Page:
He went on to say that: “I encourage other people to copy our model and philosophy of neutrality. It drives growth and it’s what drives the innovation and bridges the islands of broadband we have in this country.”

Related GigaOM Pro Content (sub req’d): Who Will Profit From Broadband Innovation?

24 Comments

Scott Agnor

We are a minority construction firm located in Washington DC and are very interested in the construction of the plant. Information on how we may participate on the project would be appreciated

NoNameJoe

So, This is already being done by several companies.
and, I work for one that does this. we even run fiber backhaul to cell towers.

Tariq Biziou

I suffer severe agonizing attacks every time the wrong units of measurement are used. Megabyte is to megabit per second, as mile is to miles per hour. “My car does 65 miles” … wow, that thing must burn gas like mad.

anonymous

“can find themselves having to pay more than $100 a megabyte for bandwidth”

You mean $100 per Mbit/s per Month

mrfixit123

this is stupid. more investors suckered into another useless telecom idea so executives can stay rich. i dont see telx doing so great. if companies like level3 or ATT see a demand for bandwidth in an area, then they will build out there if they feel its worth it.

Phil Read

Speaking of the money…. the fed’s rural broadband stimulus supposed to make it more economical for rural ISPs to provide bandwidth to surrounding areas …unless they’re a recipient (?) i wonder what kind of dent that development puts in their economics.

Richard Bennett

Lots of new, cheap fiber all over the place sounds like fun, until the bill comes due. Who’s putting up the money, and when do they expect to get paid back? I don’t see Wall St. salivating over this plan, open or otherwise.

Best of luck.

Brett Glass

What’s ironic about this company’s proposed fiber builds is that fiber exists along every one of the rights of way where it is building. However, the owners won’t sell the dark fiber; they either insist upon selling services only (which drives up the price of bandwidth) or they’re intentionally keeping it off the market to try to make it more valuable.

The greatest danger to this new venture would be anticompetitive tactics by the companies that already own fiber along the same routes (e.g. Level3). If they release just a bit of their existing capacity (which is a sunk cost), they can put any newcomer out of business by preventing it from realizing a return on its investment. They can then buy the newcomer’s fiber up for pennies on the dollar, take IT off the market, and drive prices back up. Lather, rinse, repeat.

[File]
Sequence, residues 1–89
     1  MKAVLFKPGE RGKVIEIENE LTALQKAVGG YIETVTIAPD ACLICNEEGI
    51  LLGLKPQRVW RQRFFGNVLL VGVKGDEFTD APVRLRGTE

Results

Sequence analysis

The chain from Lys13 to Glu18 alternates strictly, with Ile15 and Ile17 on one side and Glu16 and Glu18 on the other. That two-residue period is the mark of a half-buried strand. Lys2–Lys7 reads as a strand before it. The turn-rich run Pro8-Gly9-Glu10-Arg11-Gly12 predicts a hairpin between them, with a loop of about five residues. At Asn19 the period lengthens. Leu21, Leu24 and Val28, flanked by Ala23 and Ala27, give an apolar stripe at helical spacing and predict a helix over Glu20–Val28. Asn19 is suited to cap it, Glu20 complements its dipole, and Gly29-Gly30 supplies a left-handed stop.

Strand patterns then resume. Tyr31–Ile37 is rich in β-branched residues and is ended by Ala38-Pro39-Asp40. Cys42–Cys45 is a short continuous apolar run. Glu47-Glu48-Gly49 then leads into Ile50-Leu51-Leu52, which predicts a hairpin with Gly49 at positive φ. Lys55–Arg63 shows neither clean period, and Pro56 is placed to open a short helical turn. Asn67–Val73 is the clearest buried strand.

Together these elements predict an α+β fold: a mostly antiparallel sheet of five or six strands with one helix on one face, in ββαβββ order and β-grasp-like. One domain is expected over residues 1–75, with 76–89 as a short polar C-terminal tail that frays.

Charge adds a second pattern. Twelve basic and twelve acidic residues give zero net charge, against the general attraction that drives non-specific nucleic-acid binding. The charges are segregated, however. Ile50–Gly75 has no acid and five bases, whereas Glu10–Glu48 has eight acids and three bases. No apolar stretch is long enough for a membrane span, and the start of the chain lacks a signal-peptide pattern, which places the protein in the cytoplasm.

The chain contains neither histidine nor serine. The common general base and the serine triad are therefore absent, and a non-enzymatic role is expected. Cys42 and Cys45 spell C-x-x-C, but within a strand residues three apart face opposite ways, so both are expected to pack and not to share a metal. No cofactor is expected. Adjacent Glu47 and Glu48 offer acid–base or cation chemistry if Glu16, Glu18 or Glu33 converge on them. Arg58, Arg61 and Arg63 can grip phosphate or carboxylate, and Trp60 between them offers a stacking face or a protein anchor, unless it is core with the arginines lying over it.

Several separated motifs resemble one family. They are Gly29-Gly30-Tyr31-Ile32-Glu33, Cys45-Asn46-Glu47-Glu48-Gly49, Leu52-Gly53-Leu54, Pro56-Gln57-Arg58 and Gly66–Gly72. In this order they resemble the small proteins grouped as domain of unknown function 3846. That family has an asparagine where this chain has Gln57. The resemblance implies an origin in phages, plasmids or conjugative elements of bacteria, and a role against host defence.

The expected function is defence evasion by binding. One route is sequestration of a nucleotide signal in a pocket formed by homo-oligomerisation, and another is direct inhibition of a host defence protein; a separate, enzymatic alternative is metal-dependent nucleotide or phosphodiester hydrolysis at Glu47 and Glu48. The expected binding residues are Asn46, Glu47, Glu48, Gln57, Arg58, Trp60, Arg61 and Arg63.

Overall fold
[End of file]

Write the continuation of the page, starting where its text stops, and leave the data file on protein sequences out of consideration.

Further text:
Jay Chauhan

This seems to have more promise to me than Harbinger/Skyterra’s wholesale LTE network. Providing backhaul is the missing link for new last mile providers. Hopefully Allied Fiber’s economics work and they can provide more competition and lower access charges.

Jay Chauhan

Me too. Though I am less bullish on Harbinger’s prospects, especially with Clearwire’s technology neutral positioning in the marketplace and spectrum holdings. But if they do pull it off, I think it could have a positive consumer impact on pricing.

Brett Glass

There is, unfortunately, one problem here. Allied Fiber’s proposed routes miss many areas where bandwidth is needed — including mine — by hundreds or even thousands of miles. Unless they change or add to their proposed routes, their project will not help me — or others similarly situated.

Michael Chaney

So start up a company to build an interconnecting network in your area, or convince Allied Fiber to expand to your area. Nothing on this scale can be rolled out to all places at once, but the openness of the architecture allows for others to play too. Something AT&T and Verizon don’t.

Brett Glass

Frankly, the “openness” of the architecture is of zero concern to us. We simply need bandwidth at a fair price. Period.

Michael Chaney

…which comes with ISP competition over an open backbone infrastructure

Brett Glass

Not so, Michael. When I go to the store to buy oranges, I don’t care whether or not the trucks that brought the oranges to the supermarket carry freight for other companies. I just want reasonably priced, quality product. The same is true of bandwidth. The owner of the backbone can have as “closed” or as “open” an architecture as it wishes, so long as it sells us the product we need at a competitive price.

Daniel Golding

I’m very skeptical about any new long haul fiber. On the other hand, fiber-to-the-tower is an amazingly great idea, so long as you can get the laterals to work. Of course, if Hunter can get close enough, the folks on the towers will build to him – its a balancing act.

The least talked about problem in telecom today is the last mile – to the cell tower. Phones are getting smarter and using more bandwidth, but the carriers can’t get the backhaul element to work. If Hunter (or someone else) doesn’t pull this off, it will be a real problem for development of mobility technologies.